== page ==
The coastline of Prince Edward Island. PHOTO: ArtTower/Pixaby

In 2018, when Xiquan (Xander) Wang arrived on Prince Edward Island — a small, low-lying province surrounded by water — he recognized that rising sea levels were a danger to his new home. 

“In PEI, the rising sea levels are a great threat to the community,” said Wang, an associate professor at the University of Prince Edward Island’s School of Climate Change and Adaptation. 

To understand future changes to sea levels, Wang said there is a need to acknowledge that a major factor is melting ice sheets, particularly that of Greenland — the second-largest ice sheet in the world and one that is quickly disappearing.

As Wang became more familiar with the issue, he understood how large a problem this could potentially be. Climate change has affected countless different places in the world, but the melting of ice sheets in the polar regions can be especially harmful.

Melting ice sheets, especially Greenland’s, have the ability to cause significant problems to coastal regions. The melt causes sea levels to rise and haunt coastlines like PEI. 

But Wang believes there are solutions available that can lead to the stabilization of the Greenland ice sheet in order to keep coastal regions safe.

Greenland’s melting and sea levels are rising

Greenland, the world’s largest island and northernmost territory, is the landmark site for scientific monitoring of climate change’s effect on ice sheet melt. At the COP26 summit in Scotland, officials talked about the effects of climate change on Greenland and how, by working with Greenland’s government, plans are being made to reduce our impacts and lead a brighter future.

The Greenland ice sheet takes up more than 75 per cent of the country, covering more than 1.5 million kilometres, according to the National Snow and Ice Data Center1. Hundreds of billions of tonnes of ice melt off it each year. 

Rising sea levels are a consequence of climate change globally, but it is of most concern within island nations. PEI is losing 28 centimeters of land each year2, and, with the current rate of the sea levels rising, that is only due to increase.

“We want to look at if it is possible to… take some active action, or immediate action to reduce greenhouse gases. [Then] is it possible to stabilize the Greenland ice sheet?” said Wang.

Associate professor at the University of Prince Edward Island, Xander Wang. PHOTO: Courtesy of Xander Wang

Stabilizing the Greenland ice sheet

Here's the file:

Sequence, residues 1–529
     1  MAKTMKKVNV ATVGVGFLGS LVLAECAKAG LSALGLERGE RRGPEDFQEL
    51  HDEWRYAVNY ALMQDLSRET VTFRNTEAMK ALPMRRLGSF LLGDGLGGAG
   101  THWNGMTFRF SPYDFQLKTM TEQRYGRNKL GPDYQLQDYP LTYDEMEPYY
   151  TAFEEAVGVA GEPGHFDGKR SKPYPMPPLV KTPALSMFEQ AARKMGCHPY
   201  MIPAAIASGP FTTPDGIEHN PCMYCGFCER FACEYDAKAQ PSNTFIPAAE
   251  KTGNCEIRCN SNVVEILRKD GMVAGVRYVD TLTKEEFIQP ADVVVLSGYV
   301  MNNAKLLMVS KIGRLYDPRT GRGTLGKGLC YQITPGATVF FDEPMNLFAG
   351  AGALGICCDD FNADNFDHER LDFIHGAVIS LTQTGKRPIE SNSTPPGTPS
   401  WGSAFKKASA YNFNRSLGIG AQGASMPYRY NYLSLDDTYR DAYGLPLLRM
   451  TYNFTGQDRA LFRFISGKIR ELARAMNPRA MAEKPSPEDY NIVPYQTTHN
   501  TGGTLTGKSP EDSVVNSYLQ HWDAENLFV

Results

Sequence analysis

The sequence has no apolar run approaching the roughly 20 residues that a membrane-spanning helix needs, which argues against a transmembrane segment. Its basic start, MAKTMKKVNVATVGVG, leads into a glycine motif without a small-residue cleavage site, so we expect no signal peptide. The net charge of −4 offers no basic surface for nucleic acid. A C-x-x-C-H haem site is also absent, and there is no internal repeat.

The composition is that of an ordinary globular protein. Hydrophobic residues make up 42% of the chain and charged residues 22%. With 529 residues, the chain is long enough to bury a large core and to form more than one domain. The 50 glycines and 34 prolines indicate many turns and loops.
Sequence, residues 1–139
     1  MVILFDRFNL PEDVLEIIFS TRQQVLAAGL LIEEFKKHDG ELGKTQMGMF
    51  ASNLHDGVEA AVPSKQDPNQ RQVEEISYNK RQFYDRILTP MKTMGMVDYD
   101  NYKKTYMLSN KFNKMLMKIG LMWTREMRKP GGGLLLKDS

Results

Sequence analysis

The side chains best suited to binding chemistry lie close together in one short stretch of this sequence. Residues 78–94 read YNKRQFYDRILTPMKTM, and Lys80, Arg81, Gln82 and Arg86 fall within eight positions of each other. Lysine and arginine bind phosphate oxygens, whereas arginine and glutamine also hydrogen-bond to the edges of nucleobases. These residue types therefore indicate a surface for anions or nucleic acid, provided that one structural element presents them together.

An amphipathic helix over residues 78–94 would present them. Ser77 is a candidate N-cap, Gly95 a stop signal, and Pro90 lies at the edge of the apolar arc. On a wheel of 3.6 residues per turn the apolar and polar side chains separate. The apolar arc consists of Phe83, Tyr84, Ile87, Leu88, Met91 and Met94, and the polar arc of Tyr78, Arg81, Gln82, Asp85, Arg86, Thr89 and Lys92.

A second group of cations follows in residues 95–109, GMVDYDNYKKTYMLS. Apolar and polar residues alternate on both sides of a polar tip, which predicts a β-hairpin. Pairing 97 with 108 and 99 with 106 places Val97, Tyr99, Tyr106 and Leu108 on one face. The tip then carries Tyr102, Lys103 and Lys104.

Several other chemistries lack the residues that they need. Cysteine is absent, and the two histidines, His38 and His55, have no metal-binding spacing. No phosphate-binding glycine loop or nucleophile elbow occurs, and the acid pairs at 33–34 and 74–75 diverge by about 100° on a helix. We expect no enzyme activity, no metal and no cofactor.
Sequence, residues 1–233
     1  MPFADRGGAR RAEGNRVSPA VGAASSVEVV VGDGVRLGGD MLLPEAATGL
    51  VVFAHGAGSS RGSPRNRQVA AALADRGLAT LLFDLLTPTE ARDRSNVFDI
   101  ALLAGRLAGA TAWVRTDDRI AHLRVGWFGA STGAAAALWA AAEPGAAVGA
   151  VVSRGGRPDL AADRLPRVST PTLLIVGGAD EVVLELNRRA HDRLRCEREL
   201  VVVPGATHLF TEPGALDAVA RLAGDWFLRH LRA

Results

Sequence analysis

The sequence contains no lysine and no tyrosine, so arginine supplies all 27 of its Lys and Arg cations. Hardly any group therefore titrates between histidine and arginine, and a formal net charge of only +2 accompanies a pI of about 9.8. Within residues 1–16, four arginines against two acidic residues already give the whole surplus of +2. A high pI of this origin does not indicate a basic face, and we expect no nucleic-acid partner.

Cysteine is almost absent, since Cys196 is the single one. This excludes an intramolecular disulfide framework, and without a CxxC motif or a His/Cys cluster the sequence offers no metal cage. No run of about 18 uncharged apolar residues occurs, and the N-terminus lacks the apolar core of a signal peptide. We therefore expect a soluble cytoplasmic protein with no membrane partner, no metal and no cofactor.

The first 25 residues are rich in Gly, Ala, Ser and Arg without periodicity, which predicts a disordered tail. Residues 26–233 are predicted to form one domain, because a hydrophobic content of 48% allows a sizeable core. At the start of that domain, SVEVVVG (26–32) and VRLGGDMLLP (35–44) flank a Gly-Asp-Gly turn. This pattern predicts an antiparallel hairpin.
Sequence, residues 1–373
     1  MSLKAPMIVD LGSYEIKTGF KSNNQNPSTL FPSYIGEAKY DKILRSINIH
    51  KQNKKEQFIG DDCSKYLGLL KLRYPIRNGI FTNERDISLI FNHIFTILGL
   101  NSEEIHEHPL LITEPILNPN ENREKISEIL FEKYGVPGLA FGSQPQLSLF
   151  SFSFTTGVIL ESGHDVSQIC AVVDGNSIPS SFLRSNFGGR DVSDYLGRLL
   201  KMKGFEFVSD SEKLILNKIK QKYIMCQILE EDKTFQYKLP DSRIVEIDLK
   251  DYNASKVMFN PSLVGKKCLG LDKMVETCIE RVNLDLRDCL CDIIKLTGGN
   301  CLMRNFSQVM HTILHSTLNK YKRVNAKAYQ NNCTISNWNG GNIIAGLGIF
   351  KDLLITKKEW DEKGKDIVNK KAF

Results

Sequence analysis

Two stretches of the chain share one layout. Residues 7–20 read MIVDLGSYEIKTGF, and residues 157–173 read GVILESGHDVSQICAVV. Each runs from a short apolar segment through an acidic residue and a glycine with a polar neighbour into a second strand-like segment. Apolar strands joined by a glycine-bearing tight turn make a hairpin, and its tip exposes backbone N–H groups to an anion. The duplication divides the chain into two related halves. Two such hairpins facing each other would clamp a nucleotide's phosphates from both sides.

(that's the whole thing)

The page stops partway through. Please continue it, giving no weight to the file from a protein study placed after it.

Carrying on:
When researching the Greenland ice sheet, Wang and his team focused on core ideas, including the amount of emissions released by humans, and how these varying amounts of greenhouse gases will affect the melting rate.

“That is the point we want to look at, and that is why we have different efficiency areas of greenhouse gases. We look at high emission, low emission and middle emission to see what will happen, and if there is a possibility to stabilize through the low-emission areas.”

These different emission areas, known as Representative Concentration Pathways (RCPs), are efficiency scenarios that have been defined by the Intergovernmental Panel on Climate Change (IPCC). 

There are several different RCPs concepts created by the intergovernmental panel, each focused on different levels of emissions in the future. RCP 8.6 produces the highest amount of greenhouse gases, while RCP 2.6 produces the lowest, making it the safest option in terms of combating global warming.

“Other scenarios around will basically see continued warming and the issues of warming may be different, but certainly will continue getting warmer and warmer,” said Wang.

When observing these pathways in relation to Greenland, Wang found that RCP 2.6, the lowest emission scenario, is the last remaining option with hopes of stabilizing the ice sheet.

“That is the only scenario which may have the potential to reach the target of the Paris Agreement to basically limit global warming by 1.5 or 2 degrees Celsius by the end of the century,” said Wang.

Future projections, such as the work done by Wang, come with many uncertainties. However they can help to put people on the path to make the world a greener place.

“There is still a long way to go, so it’s hard to say what will happen. It is depending on what kind of action we take,” said Wang. “But it does provide some hope that if we can follow the IPCC 2.6 pathways to reduce greenhouse gases significantly, there is a hope that we can stabilize the Greenland ice sheet.”

1 National Snow and Ice Data Center

2 Adam Fenech

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Matthew Loewen is a journalism student at Mount Royal University with a love for telling stories about sports and entertainment